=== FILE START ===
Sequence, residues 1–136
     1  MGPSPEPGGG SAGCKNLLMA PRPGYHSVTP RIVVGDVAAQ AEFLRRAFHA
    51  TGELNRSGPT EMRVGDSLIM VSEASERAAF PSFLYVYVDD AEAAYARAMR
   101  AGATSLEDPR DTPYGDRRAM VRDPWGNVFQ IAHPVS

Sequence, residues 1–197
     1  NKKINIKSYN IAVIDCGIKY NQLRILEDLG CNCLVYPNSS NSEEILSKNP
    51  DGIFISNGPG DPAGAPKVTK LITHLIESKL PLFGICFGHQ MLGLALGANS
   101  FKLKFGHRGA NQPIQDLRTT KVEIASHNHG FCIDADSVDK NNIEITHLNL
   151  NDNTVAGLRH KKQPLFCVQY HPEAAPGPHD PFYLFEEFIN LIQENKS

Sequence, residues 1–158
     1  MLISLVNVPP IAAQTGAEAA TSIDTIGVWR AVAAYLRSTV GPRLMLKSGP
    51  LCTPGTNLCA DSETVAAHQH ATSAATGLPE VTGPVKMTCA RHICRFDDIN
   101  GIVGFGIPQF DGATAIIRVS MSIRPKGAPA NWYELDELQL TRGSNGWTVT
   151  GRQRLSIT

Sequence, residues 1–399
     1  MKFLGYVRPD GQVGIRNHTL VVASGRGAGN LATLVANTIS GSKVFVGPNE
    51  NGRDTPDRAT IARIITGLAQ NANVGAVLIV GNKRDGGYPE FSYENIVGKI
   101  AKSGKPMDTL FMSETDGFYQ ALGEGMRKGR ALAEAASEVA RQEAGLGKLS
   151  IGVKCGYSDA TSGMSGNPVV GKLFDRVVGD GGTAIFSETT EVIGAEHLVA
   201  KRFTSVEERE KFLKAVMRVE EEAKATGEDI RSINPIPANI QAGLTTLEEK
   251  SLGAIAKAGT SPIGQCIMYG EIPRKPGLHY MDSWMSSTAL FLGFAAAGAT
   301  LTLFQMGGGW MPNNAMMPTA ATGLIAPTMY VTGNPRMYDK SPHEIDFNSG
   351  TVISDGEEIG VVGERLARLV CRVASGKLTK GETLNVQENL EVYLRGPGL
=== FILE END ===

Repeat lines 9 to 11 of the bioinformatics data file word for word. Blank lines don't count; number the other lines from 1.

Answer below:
   151  NDNTVAGLRH KKQPLFCVQY HPEAAPGPHD PFYLFEEFIN LIQENKS

Sequence, residues 1–158
     1  MLISLVNVPP IAAQTGAEAA TSIDTIGVWR AVAAYLRSTV GPRLMLKSGP